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Making It Work

How to avoid some common offshoring blunders -- and what to do when you can't.

IndyMac managed to ensure the quality of reverification work in India by requiring progress reports and listening in on some calls. Finally, the bank placed a senior vice president on permanent assignment in India to work with its outsourcing vendor, New York­based ExlService Holdings Inc.

“Loss of control is the foremost concern” in most engagements, says offshoring specialist John K. Halvey, an attorney with Milbank, Tweed, Hadley & McCloy in New York. And control issues are growing more acute, says Halvey, “as the functions being outsourced become more sensitive.” Indeed, IndyMac is now considering offshoring administrative jobs in human resources, finance, and accounts payable.

The Start-Up Curve

For anyone contemplating outsourcing work to a location thousands of miles away, the start-up is easily the most frightening step. Like IndyMac, Business Engine found that putting a manager on permanent assignment in the offshore location allowed the company to work through many of the problems that can plague an effort during that phase, and prevent them from recurring.

In early 2000, the business-software firm faced a severe shortage of Web-literate developers near its large facility in the blue-collar Ontario area of Southern California, and turned to Mumbai, India-based vendor Blue Star Infotech Ltd. to help with basic software test and code work.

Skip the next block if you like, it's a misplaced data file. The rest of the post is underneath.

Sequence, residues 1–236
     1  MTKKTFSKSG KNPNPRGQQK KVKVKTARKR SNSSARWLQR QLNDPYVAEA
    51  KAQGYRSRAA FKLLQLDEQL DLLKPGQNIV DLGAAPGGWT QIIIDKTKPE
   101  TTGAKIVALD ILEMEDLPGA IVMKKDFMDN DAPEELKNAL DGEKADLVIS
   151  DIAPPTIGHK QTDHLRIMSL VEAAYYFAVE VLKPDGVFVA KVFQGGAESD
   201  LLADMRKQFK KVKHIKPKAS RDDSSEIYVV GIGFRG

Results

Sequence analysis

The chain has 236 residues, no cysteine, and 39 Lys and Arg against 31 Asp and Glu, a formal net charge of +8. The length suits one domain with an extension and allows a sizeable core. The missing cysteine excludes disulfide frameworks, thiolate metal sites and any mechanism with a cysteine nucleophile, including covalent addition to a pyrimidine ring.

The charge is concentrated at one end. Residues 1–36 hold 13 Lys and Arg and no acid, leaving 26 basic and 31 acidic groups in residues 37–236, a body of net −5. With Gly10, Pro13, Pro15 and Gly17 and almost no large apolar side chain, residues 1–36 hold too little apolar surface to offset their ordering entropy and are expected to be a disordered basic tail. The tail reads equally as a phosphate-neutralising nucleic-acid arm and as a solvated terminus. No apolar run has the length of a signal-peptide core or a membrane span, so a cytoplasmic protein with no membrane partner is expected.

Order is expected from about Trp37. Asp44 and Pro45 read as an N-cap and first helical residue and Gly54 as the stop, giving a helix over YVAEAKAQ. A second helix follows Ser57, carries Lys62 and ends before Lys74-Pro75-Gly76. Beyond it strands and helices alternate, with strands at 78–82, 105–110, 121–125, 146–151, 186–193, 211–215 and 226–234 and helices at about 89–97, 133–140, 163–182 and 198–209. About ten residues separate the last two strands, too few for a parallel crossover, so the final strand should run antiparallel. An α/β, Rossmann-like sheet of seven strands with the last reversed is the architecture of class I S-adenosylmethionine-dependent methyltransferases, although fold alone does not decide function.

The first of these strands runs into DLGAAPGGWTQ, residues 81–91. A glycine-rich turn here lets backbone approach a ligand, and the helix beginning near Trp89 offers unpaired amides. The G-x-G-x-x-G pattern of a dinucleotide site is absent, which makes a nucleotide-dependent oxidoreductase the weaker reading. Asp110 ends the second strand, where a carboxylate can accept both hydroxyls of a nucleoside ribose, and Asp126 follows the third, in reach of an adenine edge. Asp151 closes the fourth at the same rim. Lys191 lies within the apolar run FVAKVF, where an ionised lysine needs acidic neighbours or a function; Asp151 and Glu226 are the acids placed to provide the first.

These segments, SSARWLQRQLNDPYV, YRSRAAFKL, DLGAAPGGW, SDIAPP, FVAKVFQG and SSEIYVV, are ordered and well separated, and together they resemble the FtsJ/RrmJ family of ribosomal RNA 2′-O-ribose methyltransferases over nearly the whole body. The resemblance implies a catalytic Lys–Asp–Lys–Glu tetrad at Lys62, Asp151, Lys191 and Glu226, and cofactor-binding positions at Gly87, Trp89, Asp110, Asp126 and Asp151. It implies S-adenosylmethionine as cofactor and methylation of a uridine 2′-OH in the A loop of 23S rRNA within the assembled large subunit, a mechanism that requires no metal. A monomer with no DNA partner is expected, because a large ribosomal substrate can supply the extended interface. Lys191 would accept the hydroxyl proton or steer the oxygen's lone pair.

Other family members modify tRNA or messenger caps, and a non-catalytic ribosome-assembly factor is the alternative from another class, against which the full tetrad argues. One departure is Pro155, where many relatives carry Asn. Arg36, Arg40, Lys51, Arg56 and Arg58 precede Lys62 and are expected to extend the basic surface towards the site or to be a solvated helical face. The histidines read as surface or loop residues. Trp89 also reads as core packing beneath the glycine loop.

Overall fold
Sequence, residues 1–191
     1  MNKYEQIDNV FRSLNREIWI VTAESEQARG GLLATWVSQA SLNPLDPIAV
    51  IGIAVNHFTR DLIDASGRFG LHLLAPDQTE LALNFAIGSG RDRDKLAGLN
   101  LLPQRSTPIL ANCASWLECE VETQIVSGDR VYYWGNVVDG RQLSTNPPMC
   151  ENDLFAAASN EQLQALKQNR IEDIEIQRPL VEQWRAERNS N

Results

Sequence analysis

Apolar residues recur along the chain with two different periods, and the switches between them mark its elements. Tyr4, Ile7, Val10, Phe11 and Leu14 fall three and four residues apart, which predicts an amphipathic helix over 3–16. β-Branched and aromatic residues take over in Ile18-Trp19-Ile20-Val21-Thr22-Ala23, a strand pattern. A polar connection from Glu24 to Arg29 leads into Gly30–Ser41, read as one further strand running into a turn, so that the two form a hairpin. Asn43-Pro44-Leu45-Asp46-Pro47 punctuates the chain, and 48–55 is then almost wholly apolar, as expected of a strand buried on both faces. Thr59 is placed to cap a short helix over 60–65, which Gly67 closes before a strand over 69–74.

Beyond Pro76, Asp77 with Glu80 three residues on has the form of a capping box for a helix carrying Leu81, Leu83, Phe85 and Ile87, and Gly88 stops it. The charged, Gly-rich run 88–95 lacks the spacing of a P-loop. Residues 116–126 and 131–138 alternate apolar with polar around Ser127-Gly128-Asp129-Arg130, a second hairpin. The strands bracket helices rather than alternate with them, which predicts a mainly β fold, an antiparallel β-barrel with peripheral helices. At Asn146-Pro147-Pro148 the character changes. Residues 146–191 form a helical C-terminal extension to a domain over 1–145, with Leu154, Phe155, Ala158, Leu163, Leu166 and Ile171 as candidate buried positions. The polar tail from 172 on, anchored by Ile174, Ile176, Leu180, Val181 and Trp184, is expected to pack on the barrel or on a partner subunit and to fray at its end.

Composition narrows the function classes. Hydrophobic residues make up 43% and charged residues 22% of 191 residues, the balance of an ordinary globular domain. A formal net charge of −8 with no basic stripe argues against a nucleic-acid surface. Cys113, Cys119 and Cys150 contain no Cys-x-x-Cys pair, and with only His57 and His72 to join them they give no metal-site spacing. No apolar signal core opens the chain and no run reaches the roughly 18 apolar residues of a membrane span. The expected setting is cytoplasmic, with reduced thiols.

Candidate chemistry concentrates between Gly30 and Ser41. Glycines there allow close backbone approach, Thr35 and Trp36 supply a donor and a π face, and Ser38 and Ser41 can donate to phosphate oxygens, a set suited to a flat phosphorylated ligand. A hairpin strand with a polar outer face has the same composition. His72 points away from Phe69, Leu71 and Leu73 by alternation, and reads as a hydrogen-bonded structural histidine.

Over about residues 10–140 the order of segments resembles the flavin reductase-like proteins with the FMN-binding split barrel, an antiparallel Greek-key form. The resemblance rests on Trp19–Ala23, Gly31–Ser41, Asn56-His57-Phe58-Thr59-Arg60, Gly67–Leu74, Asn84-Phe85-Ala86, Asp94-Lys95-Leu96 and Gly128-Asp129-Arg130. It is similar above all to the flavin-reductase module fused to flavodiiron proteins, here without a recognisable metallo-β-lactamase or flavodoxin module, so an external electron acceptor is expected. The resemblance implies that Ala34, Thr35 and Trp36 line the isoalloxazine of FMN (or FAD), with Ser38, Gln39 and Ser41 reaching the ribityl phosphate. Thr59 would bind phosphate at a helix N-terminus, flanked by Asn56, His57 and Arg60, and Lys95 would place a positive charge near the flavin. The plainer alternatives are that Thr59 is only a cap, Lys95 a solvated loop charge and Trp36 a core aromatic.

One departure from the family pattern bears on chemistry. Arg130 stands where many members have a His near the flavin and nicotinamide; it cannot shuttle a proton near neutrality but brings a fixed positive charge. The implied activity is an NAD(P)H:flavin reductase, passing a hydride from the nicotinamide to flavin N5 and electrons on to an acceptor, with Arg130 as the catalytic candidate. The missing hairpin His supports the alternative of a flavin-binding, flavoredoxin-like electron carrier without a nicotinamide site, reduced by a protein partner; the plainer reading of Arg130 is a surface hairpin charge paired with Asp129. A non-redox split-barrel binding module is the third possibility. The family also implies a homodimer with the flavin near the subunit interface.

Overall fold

Soon after, Business Engine got a scare when it detected Indian employees sharing access codes on its virtual private network. In one case, the company found a single access code in use for 18 hours a day, suggesting that two workers were using the same code. Such lax security immediately gave rise to greater fears. “The next step was to make sure they weren’t exporting information,” says CEO, president, and CFO Doug Dickey. Indeed, loss of intellectual property was a top concern among executives surveyed by CFO, and the number-one worry of those who are currently outsourcing offshore.

Fortunately, Business Engine’s breach was not a case of intellectual-property theft. But the experience helped convince the company that to continue operating offshore without one of its own dedicated managers on the scene — as many companies working with third-party vendors do — would be unwise. So in 2001, Business Engine recruited Neil Mehta, who had specialized in supply-chain and systems integration at Arthur Andersen and Price Waterhouse. His presence eased many security worries. “Having a manager on the scene in some ways makes it more secure than if you had a [U.S. employee] working out of the house,” says Dickey. “Whether the phone line to the office is 12,000 miles or 12 miles, it becomes irrelevant.”

Mehta, 33, who is American-born but of Indian descent, also helped address problems with work quality. Before he arrived, reliance on E-mail communications with California often led to delays of at least a day in answering technical questions from the Indian office, and reinforced a feeling among the 40 Blue Star employees in Mumbai that the offshore work “had no status” within Business Engine.


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